When you’re talking foreclosure rates, 1 percent sounds like a good number — however, it’s still double the long-term average (0.5 percent, naturally).
Still, given the ongoing recovery from the last recession, CoreLogic’s chief economist seemed pleased with the national progress in the May 2016 National Foreclosure Report.
“Twenty-nine states had foreclosure rates below the national average,” noted Frank Nothaft, the chief economist at CoreLogic, “and all but North Dakota experienced declines in their foreclosure rate compared to the last year.”
In May 2016, CoreLogic reported that 38,000 foreclosures were completed. This is up 5.5 percent from April 2016, but down 6.9 percent from May 2015.
The foreclosure rate is back to October 2007 levels, reported CoreLogic. About 390,000 homes were at some stage of the foreclosure process in May — and although that’s a much larger number than 38,000, it signifies a 24.5 percent decrease from May 2015’s 517,000 homes at some stage of foreclosure.
“Delinquency and foreclosure rates continue to drop as we experience the benefits of tight underwriting, job and income growth and a steady rise in home prices,” said Anand Nallathambi, CoreLogic’s CEO, in the report.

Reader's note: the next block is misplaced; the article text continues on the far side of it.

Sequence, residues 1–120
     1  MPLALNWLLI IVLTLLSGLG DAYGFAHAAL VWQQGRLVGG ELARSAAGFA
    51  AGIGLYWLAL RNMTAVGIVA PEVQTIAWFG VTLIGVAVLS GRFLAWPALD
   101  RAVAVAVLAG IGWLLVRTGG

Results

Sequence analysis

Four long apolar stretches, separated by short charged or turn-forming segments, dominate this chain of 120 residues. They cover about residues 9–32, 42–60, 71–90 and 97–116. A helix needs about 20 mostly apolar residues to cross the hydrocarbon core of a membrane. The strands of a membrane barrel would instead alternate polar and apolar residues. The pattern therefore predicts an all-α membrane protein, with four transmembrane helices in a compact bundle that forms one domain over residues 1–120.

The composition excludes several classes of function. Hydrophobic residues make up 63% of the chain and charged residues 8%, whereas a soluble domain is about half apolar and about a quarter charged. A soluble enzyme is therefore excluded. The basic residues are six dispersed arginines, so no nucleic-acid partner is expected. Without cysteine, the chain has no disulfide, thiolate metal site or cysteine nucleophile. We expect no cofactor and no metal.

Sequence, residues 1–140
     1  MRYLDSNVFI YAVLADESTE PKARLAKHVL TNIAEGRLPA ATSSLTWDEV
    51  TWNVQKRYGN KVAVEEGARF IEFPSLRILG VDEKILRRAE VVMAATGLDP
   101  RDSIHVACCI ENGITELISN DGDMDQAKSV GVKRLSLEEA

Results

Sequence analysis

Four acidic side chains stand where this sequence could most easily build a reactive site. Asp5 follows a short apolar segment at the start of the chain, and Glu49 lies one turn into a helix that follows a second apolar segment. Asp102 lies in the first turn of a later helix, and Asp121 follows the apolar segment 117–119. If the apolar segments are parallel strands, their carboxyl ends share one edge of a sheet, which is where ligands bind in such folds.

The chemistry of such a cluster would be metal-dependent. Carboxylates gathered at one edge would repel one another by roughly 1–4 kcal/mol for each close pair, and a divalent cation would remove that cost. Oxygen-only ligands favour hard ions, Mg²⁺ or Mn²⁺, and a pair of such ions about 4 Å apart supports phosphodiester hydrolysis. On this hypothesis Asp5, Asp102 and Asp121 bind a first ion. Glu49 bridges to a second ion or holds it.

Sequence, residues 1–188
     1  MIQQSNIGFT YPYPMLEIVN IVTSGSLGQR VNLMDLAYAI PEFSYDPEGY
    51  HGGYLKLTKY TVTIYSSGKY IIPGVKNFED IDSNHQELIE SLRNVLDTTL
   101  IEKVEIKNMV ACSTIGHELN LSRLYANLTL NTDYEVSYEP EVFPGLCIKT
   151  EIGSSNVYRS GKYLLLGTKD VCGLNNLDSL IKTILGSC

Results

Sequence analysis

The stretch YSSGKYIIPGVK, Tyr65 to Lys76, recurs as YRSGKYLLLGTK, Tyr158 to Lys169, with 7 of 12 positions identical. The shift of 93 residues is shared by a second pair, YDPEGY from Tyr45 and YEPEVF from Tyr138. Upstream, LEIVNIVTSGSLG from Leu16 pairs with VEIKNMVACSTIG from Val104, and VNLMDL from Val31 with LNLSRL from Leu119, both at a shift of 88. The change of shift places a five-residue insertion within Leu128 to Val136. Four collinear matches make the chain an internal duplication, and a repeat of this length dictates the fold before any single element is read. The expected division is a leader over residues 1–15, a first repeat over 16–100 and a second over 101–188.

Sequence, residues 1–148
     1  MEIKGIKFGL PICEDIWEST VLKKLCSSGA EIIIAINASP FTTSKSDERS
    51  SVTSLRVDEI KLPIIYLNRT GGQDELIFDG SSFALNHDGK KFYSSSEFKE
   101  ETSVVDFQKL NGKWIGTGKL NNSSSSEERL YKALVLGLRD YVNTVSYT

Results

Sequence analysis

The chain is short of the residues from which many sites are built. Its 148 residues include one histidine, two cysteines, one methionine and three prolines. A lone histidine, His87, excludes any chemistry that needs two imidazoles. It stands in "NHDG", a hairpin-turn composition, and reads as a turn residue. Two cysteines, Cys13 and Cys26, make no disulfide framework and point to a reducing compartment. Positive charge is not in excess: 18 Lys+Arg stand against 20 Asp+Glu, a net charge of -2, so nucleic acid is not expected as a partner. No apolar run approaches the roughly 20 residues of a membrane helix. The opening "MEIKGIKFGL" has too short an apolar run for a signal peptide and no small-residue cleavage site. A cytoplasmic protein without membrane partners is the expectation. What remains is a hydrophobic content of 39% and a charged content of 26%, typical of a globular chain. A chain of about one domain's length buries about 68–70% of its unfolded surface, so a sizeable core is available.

“We expect these factors to remain in place for the remainder of the year and for foreclosure and delinquency rates to decline even further. As we finally move past the housing crisis, we need to increase our focus on expanding the supply of affordable housing and access to credit for first-time homebuyers in sustainable ways to ensure the long-term health of the U.S. housing market.”
CoreLogic, a real estate data company, considers a “foreclosed” property one that has been purchased at auction by either a third party or the lender. Properties in the foreclosure process have reached certain levels of delinquency with the mortgage servicer, and the mortgage servicer has initiated or is enacting foreclosure proceedings against the property owner. CoreLogic also separates states into judicial and non-judicial categories to accommodate for foreclosure timelines.